By Lee Ross, ,
Published May 16, 2015
Case: Gross v. FBL Financial Services
Date: Tuesday, March 31, 2009
Issue: Does the same burden of proof exist in age discrimination cases as it does in cases involving race or gender discrimination?
Background: In 1991 Congress amended discrimination laws by making it illegal for employers to use race or gender as a "motivating factor" in its employment decisions. That law however does not extend to age discrimination claims. A 1989 Supreme Court decision uses a "deciding factor" test to determine if age was illegally factored into an employment decision. The question presented here is which standard is applicable today.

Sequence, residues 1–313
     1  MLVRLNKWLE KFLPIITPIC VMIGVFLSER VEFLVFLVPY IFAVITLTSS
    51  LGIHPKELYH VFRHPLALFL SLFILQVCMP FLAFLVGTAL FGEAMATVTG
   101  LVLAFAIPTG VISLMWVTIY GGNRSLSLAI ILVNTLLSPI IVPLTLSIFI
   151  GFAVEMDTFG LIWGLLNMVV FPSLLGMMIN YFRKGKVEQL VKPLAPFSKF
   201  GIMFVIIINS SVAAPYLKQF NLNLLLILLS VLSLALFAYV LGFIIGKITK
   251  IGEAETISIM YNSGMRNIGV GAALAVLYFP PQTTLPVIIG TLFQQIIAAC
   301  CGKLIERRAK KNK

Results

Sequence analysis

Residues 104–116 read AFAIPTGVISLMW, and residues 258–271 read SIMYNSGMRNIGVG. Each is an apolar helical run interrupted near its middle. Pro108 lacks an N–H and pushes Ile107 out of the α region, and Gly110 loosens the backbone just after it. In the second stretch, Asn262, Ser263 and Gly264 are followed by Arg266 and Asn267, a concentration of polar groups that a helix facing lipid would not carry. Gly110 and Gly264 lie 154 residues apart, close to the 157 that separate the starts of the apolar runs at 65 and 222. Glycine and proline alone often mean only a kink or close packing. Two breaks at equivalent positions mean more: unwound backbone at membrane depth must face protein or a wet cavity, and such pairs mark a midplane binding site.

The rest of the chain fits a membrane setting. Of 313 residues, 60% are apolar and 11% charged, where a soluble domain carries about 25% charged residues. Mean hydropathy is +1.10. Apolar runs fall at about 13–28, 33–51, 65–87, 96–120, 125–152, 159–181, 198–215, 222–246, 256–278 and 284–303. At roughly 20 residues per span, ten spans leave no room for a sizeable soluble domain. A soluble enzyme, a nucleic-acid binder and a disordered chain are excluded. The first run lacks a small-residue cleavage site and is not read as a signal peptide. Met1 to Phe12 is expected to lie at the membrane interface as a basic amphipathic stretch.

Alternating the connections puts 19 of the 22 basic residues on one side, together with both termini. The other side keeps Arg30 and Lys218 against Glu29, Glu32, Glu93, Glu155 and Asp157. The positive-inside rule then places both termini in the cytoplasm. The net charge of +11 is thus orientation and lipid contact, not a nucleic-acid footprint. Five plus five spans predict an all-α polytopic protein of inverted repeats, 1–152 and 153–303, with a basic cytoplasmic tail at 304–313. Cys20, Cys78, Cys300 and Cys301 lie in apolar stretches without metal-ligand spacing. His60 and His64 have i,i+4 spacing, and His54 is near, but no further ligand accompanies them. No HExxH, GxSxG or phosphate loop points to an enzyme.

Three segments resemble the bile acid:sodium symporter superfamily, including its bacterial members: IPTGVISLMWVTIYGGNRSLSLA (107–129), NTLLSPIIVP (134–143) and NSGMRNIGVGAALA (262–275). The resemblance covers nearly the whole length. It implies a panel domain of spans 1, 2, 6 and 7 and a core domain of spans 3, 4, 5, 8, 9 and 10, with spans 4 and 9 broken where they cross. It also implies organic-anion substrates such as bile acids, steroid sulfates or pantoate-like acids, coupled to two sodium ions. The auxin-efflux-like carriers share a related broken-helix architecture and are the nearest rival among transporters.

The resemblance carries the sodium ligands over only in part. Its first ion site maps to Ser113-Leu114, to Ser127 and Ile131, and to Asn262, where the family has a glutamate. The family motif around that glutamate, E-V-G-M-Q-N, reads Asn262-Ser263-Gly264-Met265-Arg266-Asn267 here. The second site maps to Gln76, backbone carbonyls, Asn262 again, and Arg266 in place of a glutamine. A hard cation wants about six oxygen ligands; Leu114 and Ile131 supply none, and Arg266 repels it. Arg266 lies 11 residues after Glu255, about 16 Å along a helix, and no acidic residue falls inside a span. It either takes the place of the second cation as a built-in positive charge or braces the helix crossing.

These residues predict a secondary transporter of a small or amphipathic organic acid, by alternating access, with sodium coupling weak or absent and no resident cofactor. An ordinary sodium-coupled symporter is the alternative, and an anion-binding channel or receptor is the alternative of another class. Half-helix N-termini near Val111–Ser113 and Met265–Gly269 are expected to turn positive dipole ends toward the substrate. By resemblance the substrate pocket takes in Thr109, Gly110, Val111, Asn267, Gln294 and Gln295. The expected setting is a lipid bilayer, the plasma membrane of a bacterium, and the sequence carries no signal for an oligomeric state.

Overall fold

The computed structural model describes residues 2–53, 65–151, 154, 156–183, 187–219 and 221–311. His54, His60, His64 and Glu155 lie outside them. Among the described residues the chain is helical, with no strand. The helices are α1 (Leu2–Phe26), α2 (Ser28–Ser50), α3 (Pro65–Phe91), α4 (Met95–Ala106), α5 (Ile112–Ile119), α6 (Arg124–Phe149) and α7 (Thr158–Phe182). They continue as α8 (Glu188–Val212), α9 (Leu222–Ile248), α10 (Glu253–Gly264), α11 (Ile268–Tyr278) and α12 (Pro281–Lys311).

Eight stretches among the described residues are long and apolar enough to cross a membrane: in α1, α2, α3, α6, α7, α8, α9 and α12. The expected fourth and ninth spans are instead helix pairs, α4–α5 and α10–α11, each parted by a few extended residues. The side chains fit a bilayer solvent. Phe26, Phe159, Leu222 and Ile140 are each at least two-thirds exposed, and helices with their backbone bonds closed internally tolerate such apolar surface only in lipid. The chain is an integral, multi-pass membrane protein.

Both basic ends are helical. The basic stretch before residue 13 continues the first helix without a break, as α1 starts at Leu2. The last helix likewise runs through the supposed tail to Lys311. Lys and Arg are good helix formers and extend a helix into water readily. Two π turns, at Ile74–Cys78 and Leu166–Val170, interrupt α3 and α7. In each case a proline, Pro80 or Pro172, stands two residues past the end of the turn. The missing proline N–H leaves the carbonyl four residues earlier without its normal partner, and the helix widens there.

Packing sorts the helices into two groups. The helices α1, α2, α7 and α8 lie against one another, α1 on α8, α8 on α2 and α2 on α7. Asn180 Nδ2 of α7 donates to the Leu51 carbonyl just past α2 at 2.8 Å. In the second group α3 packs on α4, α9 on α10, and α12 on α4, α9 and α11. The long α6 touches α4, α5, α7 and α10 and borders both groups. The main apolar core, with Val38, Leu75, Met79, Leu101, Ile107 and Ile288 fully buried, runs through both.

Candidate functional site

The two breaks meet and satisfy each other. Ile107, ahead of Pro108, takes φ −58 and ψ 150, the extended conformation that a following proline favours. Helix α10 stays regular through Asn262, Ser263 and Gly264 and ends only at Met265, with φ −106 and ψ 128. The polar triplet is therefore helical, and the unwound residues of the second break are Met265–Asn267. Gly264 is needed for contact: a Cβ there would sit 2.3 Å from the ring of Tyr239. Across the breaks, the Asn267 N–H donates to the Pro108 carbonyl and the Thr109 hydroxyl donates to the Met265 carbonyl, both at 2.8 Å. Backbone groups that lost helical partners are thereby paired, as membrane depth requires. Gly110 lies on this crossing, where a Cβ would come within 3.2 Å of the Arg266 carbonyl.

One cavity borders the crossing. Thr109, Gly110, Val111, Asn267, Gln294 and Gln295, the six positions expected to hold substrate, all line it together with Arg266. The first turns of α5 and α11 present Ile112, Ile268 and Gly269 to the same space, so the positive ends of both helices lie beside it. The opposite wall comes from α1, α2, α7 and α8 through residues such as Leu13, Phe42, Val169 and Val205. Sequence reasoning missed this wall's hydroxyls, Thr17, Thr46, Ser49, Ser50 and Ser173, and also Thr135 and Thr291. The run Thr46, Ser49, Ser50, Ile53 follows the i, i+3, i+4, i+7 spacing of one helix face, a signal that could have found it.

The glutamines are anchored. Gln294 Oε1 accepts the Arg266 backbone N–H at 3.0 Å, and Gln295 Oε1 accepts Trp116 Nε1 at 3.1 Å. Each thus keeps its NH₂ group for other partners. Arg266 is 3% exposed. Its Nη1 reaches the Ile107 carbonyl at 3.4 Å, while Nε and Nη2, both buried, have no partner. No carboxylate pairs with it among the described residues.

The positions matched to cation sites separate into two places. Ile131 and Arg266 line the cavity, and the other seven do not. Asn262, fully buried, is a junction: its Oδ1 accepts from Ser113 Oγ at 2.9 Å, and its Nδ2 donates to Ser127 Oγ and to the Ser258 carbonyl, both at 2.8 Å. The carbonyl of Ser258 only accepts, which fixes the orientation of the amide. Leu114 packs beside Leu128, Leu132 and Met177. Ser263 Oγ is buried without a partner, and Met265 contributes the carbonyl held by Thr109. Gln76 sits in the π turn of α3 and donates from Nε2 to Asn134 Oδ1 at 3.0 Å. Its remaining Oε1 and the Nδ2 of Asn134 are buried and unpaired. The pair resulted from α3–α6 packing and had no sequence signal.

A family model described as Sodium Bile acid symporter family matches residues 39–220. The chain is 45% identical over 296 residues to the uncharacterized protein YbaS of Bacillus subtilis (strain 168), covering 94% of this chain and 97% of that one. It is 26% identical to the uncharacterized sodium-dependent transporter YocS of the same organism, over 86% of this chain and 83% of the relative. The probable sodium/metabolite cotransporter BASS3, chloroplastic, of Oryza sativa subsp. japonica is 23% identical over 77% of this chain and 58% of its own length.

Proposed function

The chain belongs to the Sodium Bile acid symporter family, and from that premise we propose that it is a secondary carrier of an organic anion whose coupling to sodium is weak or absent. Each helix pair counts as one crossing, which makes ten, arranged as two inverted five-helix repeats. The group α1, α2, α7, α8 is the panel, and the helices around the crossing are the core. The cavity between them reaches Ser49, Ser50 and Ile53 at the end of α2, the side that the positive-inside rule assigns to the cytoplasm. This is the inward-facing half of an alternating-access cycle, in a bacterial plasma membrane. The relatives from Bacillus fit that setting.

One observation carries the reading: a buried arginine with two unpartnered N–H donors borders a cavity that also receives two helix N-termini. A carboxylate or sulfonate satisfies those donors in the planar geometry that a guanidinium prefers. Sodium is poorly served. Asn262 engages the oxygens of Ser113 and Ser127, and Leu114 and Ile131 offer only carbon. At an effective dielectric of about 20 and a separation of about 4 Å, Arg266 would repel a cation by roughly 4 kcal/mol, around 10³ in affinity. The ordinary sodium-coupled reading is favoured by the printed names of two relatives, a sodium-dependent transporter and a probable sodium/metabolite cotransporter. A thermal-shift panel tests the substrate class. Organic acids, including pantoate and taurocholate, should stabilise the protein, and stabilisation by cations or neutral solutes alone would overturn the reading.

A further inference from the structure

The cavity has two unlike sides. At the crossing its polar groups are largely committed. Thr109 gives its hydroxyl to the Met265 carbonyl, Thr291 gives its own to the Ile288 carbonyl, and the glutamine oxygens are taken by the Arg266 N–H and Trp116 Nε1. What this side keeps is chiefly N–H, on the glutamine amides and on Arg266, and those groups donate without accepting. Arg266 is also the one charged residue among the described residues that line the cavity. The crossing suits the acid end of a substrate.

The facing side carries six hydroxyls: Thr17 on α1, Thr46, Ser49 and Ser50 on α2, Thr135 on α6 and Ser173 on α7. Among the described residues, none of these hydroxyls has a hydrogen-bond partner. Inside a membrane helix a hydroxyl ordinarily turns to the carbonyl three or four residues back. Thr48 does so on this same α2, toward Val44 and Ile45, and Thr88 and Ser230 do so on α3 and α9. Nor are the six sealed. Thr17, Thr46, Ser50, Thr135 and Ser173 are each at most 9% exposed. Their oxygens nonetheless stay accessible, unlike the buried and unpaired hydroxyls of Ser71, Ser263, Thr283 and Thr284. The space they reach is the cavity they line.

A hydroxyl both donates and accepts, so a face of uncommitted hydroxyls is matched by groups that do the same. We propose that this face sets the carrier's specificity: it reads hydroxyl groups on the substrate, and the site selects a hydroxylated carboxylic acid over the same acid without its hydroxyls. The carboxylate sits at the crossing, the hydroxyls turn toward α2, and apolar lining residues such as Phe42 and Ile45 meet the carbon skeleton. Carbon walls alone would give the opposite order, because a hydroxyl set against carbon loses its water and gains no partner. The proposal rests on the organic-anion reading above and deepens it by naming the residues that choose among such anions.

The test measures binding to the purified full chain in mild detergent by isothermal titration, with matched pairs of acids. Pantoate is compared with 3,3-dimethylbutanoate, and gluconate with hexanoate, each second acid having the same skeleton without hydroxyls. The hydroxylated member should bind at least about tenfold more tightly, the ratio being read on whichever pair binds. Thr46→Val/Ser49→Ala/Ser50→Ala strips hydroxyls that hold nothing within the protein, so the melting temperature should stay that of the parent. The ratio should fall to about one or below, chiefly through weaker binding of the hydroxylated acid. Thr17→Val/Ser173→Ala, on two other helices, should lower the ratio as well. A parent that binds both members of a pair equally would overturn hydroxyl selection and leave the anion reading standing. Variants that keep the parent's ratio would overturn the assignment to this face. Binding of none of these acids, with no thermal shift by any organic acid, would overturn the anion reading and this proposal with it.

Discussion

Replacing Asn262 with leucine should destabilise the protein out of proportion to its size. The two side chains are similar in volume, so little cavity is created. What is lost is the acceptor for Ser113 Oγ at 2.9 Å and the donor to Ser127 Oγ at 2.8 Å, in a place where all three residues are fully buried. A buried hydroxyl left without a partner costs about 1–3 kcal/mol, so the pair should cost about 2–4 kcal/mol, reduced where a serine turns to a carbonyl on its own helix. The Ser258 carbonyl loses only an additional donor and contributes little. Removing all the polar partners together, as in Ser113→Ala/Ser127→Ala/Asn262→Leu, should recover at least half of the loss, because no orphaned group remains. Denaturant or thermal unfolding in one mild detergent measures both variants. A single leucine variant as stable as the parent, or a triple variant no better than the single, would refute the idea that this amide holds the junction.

Jack Gross claims his bosses demoted him because of his age. He was 54 when a younger worker was promoted and given more responsibility at their insurance company. Gross sued claiming age discrimination and a jury agreed awarding him almost $47,000. But the Eighth Circuit Court of Appeals set aside the jury's verdict and ordered a new trial. It concluded the judge presented the jury with the wrong instructions about the level of proof required for holding the company liable.